Gerson, U., 2014, PEST CONTROL BY MITES (ACARI): PRESENT AND FUTURE Uri G, Acarologia 54 (4), pp. 371-394: 377

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http://doi.org/ 10.1051/acarologia/20142144

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ABAs   that increase the extent of control

At times ABAs   alone cannot reduce pest numbers to below their economic injury levels and other natural enemies help to attain that goal. Control of the stored food beetle pest Oryzaephilus surinamensis Linnaeus   ( Silvanidae   ), by Cheyletus eruditus (Schrank)   ( Cheyletidae   ) was improved when the hymenopterous parasitoid Cephalonomia tarsalis (Ashmead)   ( Bethylidae   ) was introduced into the food bin ( Ždarkova et al. 2003). Another group of natural enemies are nematodes. The release of Gaeolaelaps aculeifer (Canestrini)   ( Laelapidae   ) (then known as Hypoaspis aculeifer   ) along with nematodes, significantly reduced the numbers of the WFT infesting green beans ( Premachandra et al. 2003), as well as sciarids and phorids ( Diptera   ), pests of mushrooms in compost and casing substrates ( Jess and Bingham 2004). The predatory cecidomyiid Therodiplosis persicae (Kieffer)   ( Diptera   ) "supported" the control of T. urticae   by P. persimilis   on tomatoes in a greenhouse ( Fiedler 2005), and the generalist ant Pristomyrmex punctatus Mayr   "enhanced" the control of the spider mite Tetranychus kanzawai Kishida   by Neoseiulus womersleyi Schicha ( Otsuki and Yano 2014)   . The greatest damage to the leaf surface area of water hyacinth occurred when the Hemipteran Eccritotarsus catarinens (Carvalho)   ( Miridae   ) was used along with O. terebrantis ( Marlin et al. 2013b)   .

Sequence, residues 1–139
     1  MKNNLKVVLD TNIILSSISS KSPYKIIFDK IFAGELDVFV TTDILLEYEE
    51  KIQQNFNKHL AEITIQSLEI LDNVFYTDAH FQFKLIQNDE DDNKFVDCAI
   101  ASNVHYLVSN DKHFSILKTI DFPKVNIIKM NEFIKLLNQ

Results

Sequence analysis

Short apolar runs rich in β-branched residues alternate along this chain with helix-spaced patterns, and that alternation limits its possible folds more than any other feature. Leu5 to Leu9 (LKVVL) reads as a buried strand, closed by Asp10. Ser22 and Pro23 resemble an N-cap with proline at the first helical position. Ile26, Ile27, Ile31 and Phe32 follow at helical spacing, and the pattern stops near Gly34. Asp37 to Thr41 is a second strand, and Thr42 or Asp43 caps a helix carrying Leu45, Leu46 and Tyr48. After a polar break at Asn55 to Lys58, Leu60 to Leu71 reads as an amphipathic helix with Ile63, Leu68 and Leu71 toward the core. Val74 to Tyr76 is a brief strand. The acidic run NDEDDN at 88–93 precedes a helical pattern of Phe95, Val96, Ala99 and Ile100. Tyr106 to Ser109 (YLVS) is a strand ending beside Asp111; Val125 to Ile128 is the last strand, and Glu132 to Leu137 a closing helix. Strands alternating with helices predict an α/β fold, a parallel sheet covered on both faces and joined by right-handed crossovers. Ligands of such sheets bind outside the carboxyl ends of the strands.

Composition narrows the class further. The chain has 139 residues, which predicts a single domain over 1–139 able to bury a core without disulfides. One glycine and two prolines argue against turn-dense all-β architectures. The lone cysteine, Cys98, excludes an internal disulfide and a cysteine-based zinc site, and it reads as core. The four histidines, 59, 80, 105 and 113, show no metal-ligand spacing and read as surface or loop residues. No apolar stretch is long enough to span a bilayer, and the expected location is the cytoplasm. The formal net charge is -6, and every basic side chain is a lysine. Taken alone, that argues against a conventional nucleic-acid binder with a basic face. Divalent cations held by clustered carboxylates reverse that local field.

Such results are generally consistent with the opinions of Stiling and Cornelissen (2005), who calculated that the addition of two or more biocontrol agents, especially if generalists, increased pest mortality by 13 %, decreasing pest abundance by 27.2 %, as compared to single releases or when BC agents were specialists. This may be explained by the ability of generalists to survive on the crop when the numbers of the target-pest are much reduced, and will thus be in place if the pest resurges (e.g. Palevsky et al. 2013).